Last spring I promised my kids a visit to a new playground. It was early evening when we pulled up to the play structure in an urban Virginia neighborhood a mile from our home. A group of about 20 school-aged children were laughing and goofing around on the grass. How refreshing, I thought, seeing children outside playing—a sure sign of strong community. While my daughters flew down the slide, the gaggle of children transitioned to the adjacent field and began cheering. Several of the older youth held up cell phones, recording some interaction taking place amid the group. I took a closer look and noticed two smaller children on the ground, gripping each other in the fetal position, grasping each other’s hair in their fists. They were fighting.
“Hey, what are you guys doing?” I spoke in a loud but casual voice as I jogged over from the playground. Everything became silent as the circle opened up to reveal two young girls, still engaged in their bout. “Hey, stop that!” The kids looked at me as if to say, “Who are you, and why do you care?” Some of the older youth put their phones down and stopped recording. The rivals released their grips, brushed off, and stood up.
“Don’t fight here by the playground. It’s a bad example for my kids.” Although lame, it was the quickest explanation I could come up with. No one verbally responded to my effective yet weak rebuke. They just meandered away to continue their game elsewhere.
An older gentleman saw the interaction and called to me from the sidewalk. “What’s going on?” I explained what I’d seen, and he confided he’d recently seen a story on the news about children fighting, recording it, and posting it online. Some were seriously injured participating in this “game.” I hadn’t heard of the phenomenon, though I wasn’t shocked. “Did you hear the shooting around the corner?” he asked. “The police have it all roped off. A lady was shot an hour ago.” That was about 15 minutes before I’d arrived at the park. “It’s not safe,” he continued. Before he walked to his home around the corner, he urged me to head home while there was still light.
Need for Light
Instead of rushing off before dark, all I could think about was this neighborhood’s need for light. I wanted to stay. I wanted to call all my friends who live in “safe” neighborhoods and say, “Hey, God needs more of his people here.”
Having lived in Mozambique as a child during the country’s civil war, I am no stranger to the effects of violence. Several times our family drove through rebel territory to reach an international border. Rebels frequently attacked convoys. We passed vehicles, still hot and smoking. But driving to the border was a necessity. While my parents knew it wasn’t safe—or certainly not as safe as suburban Denver from where we’d come—it was where God had placed our family.
Throughout history, Christians who’ve left behind financial and physical safety for the sake of God’s call have made a major impact for his kingdom. As Pulitzer-winning journalist Nicholas Kristof observed earlier this year, “A disproportionate share of the aid workers I’ve met in the wildest places over the years, long after anyone sensible had evacuated, have been evangelicals, nuns, or priests.” While he readily admits he has little in common theologically or politically with evangelicals or Roman Catholics, Kristof has been “truly awed by those I’ve seen in so many remote places, combating illiteracy and warlords, famine and disease, humbly struggling to do the Lord’s work as they see it.”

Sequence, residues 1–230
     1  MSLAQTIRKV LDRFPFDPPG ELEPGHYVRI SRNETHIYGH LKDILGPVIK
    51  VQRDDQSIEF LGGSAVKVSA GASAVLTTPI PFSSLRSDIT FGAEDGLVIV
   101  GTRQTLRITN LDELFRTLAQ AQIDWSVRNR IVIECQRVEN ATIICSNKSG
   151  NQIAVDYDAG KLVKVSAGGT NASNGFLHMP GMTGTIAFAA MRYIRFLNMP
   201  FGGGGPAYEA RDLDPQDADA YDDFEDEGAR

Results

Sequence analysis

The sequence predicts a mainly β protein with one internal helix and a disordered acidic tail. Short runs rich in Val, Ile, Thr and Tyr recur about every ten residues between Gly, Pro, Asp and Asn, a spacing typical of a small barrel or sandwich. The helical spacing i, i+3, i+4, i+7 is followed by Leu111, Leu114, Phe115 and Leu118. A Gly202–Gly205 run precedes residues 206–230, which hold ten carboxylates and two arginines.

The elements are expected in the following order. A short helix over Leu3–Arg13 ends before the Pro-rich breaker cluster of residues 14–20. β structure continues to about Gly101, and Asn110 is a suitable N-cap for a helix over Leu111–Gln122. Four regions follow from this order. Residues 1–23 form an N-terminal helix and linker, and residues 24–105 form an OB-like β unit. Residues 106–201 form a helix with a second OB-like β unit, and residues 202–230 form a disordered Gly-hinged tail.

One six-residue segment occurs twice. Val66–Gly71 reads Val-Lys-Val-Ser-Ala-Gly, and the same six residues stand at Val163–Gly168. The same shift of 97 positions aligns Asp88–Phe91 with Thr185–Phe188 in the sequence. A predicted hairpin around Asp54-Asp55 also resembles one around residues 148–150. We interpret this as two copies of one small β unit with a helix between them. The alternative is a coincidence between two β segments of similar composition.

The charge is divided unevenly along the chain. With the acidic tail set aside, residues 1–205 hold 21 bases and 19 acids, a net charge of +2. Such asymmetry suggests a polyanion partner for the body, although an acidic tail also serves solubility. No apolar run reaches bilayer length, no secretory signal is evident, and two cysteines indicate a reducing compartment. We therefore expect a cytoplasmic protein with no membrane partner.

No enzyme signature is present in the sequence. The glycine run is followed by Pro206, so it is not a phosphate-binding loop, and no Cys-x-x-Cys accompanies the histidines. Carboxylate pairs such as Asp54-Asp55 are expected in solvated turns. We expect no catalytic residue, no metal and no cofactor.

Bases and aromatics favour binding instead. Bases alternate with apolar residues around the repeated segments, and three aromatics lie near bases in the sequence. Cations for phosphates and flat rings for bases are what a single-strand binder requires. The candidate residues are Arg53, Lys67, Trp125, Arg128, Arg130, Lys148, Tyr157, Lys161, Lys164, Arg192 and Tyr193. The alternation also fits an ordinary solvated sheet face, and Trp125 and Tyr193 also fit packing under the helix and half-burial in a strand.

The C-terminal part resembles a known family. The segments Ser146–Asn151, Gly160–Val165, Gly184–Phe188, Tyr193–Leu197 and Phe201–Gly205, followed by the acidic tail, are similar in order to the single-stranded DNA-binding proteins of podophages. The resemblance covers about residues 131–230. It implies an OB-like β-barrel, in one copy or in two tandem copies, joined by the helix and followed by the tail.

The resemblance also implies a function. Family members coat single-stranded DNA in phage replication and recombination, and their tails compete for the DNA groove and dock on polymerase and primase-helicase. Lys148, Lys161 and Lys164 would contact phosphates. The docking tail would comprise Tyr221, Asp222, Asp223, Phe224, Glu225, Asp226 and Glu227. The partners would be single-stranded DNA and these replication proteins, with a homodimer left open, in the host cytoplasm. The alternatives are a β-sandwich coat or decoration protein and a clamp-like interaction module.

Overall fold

God’s call to “go into all the world” isn’t just answered in the jungles of the Amazon or the polluted cities of China, but also in the poverty-stricken housing projects of the American inner city, the immigrant London neighborhood, the neighborhood in a “bad” school district one mile from home. Christ’s followers know such places need his witness, but we are reluctant to go because it’s not safe.
Good Thing Gone Bad
Have we adopted safety as a supreme cultural idol? Even within Christian culture, safety seems to be an acceptable idol. We cling to it in order to shield ourselves from pain, criticism, and fear of the unknown. We rely on it for strength and peace of mind. Much of our mental energy is directed toward staying safe. Safety is a good thing, to be sure, but it morphs into an idol when we pursue it above the commands of Christ and the leading of the Spirit.
Good things like financial security and healthy living can easily become idols too, but safety—perhaps more than the others—is something that cannot be measured. We can read a bank statement or calorie counter, but we can never know how safe we are. We can only know what God has promised—not that we will be physically safe, but that he will be our provider and sustainer no matter what. In other words, there is only one safe place.
Nearly 150 people were killed earlier this year at a university in Garissa, Kenya. Some of the murdered students had been participating in a prayer meeting sponsored by the local Christian Union. The day after a pastor from the region wrote:
This attack has strengthened our conviction and resolve that the safest and securest place to be is at the center of God’s will. As it has been said, “Peace is not the absence of trouble but the assurance that God is with us no matter what.”
Crime statistics, school ratings, and online reviews all have their place, but they ought never overshadow the Spirit’s call to penetrate dark places to be a light for Christ’s kingdom. Yes, this perspective runs counter to the world’s modus operandi, which says, “If it isn’t safe, make every effort to get out.” But for the Christian summoned by the Spirit, the call is to go and be a tool in God’s hands for spiritual transformation. This doesn’t mean recklessness or foolishness, but it does mean the ideal of safety must never stand in the way of humble confidence in our true safety, Jesus Christ.